August 27, 2009

More Studios Join Kiosk-DVD Rental Trend, Others Rebel

Paramount has opted to join the ranks of other big movie studios like Lions Gate Entertainment Corp. and Sony Corp. by contracting to allow Redbox "” a company that rents DVD's for a buck a night via automated kiosk machines "” to carry their films.

Paramount Home Entertainment Inc. announced on Tuesday that they have started a trial licensing program that will allow Redbox to rent and sell their DVD's on the day of their official national release through their self-service kiosks.

The trial period will last through the end of the year, after which Paramount will decide whether to extend the contract through 2014.  The Los Angeles-based subsidiary of Viacom Inc. will be collecting extensive rental information from Redbox over the coming months that it will use to determine the profitability of the prospective partnership.

Redbox President Mitch Lowe has referred to the initial trial period as a "positive step with Paramount."

Should the deal not pan-out in the long term, however, Redbox has agreed in advance to destroy any Paramount DVD's removed from their kiosks after the end of the year.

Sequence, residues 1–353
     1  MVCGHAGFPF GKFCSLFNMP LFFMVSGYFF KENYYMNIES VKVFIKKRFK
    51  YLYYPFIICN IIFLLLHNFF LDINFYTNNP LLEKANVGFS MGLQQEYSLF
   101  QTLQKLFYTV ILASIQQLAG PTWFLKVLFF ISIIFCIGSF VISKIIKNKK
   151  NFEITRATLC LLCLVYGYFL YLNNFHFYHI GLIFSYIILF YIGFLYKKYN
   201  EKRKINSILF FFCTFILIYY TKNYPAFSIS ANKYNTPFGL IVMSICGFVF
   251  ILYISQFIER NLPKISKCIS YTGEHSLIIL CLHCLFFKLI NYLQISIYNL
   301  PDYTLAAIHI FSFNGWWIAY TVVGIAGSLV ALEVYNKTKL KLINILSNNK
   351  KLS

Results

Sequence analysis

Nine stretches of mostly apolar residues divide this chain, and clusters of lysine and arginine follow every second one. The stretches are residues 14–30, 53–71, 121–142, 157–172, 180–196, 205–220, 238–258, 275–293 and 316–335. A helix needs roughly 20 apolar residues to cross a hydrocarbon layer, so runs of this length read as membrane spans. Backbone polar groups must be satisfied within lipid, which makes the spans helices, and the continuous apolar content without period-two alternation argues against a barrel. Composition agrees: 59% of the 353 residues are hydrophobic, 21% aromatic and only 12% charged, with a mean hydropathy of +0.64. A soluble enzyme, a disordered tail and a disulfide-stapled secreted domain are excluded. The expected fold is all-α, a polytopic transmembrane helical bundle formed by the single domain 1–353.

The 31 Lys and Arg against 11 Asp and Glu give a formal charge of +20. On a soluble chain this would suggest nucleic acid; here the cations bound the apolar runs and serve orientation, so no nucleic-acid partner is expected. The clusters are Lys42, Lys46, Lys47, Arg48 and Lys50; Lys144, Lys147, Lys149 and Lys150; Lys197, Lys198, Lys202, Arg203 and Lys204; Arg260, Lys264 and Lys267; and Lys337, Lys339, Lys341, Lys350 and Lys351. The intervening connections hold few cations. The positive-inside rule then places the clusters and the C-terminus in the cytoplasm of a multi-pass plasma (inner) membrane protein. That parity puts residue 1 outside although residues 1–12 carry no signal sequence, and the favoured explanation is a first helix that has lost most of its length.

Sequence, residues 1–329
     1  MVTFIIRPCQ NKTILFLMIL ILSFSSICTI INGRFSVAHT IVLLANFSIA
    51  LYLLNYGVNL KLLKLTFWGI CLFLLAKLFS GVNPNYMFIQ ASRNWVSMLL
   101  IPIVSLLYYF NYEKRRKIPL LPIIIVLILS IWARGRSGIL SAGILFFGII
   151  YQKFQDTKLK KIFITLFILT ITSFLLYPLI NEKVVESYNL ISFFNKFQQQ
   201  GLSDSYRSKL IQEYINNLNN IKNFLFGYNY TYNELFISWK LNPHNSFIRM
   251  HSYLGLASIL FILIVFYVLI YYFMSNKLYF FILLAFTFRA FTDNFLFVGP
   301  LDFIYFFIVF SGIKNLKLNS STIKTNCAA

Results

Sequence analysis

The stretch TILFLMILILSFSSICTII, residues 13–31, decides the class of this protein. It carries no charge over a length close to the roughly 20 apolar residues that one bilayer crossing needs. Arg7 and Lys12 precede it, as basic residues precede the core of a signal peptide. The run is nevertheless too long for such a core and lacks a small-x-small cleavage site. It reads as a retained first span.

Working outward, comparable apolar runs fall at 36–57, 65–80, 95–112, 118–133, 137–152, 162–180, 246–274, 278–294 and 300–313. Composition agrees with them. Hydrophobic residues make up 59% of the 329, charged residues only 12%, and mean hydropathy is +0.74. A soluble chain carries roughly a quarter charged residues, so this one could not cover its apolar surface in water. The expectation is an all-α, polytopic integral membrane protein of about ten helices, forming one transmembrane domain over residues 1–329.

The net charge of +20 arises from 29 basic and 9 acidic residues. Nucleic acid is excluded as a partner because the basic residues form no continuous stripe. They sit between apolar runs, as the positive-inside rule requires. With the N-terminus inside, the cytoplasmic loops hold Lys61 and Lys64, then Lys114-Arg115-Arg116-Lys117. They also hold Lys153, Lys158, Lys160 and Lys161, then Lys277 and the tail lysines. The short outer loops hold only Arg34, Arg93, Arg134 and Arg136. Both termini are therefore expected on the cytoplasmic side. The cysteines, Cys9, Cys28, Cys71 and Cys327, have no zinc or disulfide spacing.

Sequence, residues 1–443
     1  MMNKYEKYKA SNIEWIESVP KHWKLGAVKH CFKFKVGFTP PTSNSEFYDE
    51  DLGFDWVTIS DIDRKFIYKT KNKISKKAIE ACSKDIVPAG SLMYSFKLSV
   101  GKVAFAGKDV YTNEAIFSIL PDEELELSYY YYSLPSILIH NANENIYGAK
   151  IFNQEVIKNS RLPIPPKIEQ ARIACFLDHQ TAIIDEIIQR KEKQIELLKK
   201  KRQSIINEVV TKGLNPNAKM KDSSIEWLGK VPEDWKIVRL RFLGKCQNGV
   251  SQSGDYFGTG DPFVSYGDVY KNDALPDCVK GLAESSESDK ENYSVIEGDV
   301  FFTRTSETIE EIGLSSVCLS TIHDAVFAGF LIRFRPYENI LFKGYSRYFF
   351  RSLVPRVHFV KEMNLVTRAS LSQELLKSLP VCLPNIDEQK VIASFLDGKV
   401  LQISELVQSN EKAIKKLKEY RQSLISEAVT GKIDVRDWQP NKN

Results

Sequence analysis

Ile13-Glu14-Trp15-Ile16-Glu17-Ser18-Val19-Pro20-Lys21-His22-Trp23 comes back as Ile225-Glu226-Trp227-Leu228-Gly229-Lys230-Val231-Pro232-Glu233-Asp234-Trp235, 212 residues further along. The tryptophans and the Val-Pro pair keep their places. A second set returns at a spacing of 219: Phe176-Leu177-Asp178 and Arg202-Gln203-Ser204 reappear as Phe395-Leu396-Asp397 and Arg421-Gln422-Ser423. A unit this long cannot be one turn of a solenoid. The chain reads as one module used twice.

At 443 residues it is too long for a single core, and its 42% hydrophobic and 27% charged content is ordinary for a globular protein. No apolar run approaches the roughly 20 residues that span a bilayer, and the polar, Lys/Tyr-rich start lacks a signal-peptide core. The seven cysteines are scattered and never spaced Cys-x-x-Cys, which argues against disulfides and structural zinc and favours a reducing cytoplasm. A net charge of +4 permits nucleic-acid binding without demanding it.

Coinstar Inc., Redbox's parent company, said on Tuesday that Paramount could expect estimated receipts of roughly $575 million if the deal is extended to 2014.  Redbox currently owns and operates over 15,000 kiosks across the country, and if the deal goes through, they say that they say that Paramount DVD's will constitute almost 20 percent of the total DVD's to be licensed and purchased this year to stock their machines.

The announcement of the prospective deal with Paramount comes just weeks after Lions Gate entered an agreement to supply Redbox with DVDs from September of this year through August 2014.  Sony's movie branch announced a similar 5-year deal in July.

Lion's Gate is expected to pull down roughly $158 million from the deal over the next five years, while Sony is expected to earn a whopping $460 million over the same period.  Both companies, like Paramount, will retain an option to pull out after two years should the venture prove unprofitable.

A number of other Hollywood studios, however, have taken a somewhat different stance towards Redbox's novel marketing strategy.  Universal Pictures and 20th Century Fox have threatened to stop supplying DVDs to Redbox unless they agree wait 45 days after the official release of new DVDs before stocking them in their kiosks.  The tactic is a transparent attempt to prop up high demand for high-margin sales of newly-released DVDs.

Both Universal and 20th Century Fox are currently entangled in legal wrangles with Redbox after the company filed lawsuits against the two studios for their attempts to keep new DVDs out of their kiosks. 

Last week, a federal judge declined a petition submitted by Universal to drop Redbox's suit.

Redbox has stated that if the studios decide to stop providing them with new DVDs, they will simply start stocking their kiosks with DVDs provided through third-party retailers.


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